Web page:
The Emperor of Men's Minds: Literature and the Renaissance Discourse of Rhetoric

By Wayne A. Rebhorn | Go to book overview

3 Circe's Garden, Mercury's Rod

In June 1485 the Florentine Neoplatonist Giovanni Pico della Mirandola sent what would become a famous letter to the Venetian humanist Ermolao Barbaro. The latter had written to Pico some two months earlier, praising him for his learning and eloquence, while attacking the Scholastics, the "Germans," for their lack of a "shining and elegant style." Pico, who had spent six years studying the writings of men Barbaro wittily dismisses as "barbaric," responds first by thanking him for his kind words and then by devoting most of the letter to a hypothetical speech that the maligned Germans might deliver in their own defense. In it Pico makes two complementary moves: he criticizes rhetoric, focusing on the issue of elegant style; and he exalts the philosophical writing of the Scholastics. There is a tongue-in-cheek quality about Pico's defense, for he not only writes in an extremely elegant Latin style, as Barbaro himself would later note, but declares at the conclusion that his speech is a mock encomium, and that his real aim has been to bring Barbaro to compose a praise of eloquence, just as Plato's Glaucon praised injustice in The Republic in order to goad Socrates to the praise of justice ( Epistola, 358).1 The question of its seriousness notwithstanding, Pico's letter does assemble some of the most telling arguments the Renaissance would make against rhetoric. He denounces it as deception and lies, as a trivial kind of theatricality, and as a vulgar display fit only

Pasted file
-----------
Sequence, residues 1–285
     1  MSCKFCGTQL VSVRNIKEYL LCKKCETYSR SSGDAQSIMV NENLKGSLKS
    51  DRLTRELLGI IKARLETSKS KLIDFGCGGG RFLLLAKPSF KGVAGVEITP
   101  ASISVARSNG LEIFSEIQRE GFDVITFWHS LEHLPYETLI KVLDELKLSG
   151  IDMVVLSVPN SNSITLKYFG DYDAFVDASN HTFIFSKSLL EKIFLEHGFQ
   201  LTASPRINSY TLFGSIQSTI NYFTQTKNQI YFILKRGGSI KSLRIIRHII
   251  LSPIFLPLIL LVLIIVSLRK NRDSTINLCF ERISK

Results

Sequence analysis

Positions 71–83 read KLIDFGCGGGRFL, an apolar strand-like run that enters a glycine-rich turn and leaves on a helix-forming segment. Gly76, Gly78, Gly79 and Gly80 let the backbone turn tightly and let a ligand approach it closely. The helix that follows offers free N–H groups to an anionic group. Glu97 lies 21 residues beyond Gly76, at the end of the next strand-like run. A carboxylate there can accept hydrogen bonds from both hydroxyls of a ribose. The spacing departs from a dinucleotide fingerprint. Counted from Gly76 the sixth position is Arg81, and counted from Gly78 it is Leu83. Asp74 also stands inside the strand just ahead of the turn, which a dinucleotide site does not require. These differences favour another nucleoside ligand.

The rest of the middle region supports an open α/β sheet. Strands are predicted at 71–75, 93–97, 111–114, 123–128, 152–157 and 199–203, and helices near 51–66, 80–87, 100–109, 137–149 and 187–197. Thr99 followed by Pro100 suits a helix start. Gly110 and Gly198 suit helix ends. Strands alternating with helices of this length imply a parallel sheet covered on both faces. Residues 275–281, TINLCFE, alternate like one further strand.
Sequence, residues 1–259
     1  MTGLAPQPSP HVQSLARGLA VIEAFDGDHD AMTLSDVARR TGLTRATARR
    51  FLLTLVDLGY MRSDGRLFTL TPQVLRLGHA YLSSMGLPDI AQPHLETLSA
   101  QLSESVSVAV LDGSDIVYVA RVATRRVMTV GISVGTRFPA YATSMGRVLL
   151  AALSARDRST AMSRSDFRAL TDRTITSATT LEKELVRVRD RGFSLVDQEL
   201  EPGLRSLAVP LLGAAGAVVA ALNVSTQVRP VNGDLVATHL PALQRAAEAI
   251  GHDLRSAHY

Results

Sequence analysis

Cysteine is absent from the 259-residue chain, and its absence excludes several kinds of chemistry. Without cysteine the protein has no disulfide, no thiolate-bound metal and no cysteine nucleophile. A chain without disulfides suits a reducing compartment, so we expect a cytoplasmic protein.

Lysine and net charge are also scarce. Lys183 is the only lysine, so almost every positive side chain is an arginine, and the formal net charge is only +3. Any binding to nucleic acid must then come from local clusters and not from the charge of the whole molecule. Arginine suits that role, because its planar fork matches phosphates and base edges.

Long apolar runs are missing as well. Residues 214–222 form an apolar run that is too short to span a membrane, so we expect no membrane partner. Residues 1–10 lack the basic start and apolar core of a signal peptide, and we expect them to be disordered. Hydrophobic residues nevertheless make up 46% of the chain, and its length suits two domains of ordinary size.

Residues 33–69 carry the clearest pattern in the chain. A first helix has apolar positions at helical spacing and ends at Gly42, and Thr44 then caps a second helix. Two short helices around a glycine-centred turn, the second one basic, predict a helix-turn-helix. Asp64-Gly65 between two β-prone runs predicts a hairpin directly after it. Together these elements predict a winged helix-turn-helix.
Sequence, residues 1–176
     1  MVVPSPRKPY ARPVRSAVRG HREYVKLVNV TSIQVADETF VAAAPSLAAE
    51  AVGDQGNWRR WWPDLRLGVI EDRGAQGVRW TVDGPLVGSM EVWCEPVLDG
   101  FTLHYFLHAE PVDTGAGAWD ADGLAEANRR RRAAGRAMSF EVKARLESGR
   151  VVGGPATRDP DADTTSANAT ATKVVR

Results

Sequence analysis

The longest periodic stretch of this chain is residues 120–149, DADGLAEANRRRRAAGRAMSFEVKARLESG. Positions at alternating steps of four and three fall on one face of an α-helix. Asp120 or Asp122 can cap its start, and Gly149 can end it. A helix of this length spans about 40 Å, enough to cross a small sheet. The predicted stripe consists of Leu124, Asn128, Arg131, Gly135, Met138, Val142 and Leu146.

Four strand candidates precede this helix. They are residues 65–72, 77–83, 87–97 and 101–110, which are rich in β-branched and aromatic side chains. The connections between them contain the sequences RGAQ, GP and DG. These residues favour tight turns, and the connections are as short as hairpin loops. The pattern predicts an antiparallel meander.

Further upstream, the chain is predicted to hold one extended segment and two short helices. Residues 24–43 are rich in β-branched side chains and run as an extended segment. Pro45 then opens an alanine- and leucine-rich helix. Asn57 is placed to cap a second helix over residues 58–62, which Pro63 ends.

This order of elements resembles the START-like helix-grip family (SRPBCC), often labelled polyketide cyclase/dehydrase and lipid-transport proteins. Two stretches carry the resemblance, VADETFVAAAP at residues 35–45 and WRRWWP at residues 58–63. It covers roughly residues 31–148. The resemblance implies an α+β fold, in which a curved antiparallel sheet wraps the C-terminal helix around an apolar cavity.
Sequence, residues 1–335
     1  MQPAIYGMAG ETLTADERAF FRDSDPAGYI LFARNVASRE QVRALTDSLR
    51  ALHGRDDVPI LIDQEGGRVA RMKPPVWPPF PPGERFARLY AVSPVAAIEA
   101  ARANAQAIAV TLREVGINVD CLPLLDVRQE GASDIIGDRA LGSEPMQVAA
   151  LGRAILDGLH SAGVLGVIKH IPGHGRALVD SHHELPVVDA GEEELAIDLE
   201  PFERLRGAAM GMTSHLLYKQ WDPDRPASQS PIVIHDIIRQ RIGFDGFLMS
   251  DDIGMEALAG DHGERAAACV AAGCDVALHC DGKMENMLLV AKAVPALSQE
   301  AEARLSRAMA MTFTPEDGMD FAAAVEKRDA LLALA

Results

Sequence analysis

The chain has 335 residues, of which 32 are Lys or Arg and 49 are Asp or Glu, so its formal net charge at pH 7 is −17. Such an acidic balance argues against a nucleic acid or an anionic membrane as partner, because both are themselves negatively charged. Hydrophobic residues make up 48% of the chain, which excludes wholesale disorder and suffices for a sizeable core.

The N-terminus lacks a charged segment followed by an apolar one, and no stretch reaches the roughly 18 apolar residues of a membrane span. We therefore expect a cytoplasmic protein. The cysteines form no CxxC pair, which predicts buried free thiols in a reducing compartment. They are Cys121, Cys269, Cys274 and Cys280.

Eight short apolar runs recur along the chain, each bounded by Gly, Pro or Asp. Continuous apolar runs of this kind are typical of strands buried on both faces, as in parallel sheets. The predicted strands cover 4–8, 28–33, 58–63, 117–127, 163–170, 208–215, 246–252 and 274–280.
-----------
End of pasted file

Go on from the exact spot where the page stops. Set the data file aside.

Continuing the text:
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1
For the translated phrase from Barbaro's letter and his comment on Pico's style, see Quirinus Breen, "Giovanni Pico della Mirandola on the Conflict of Philosophy and Rhetoric," Journal of the History of Ideas 13 ( 1952): 393, 403.

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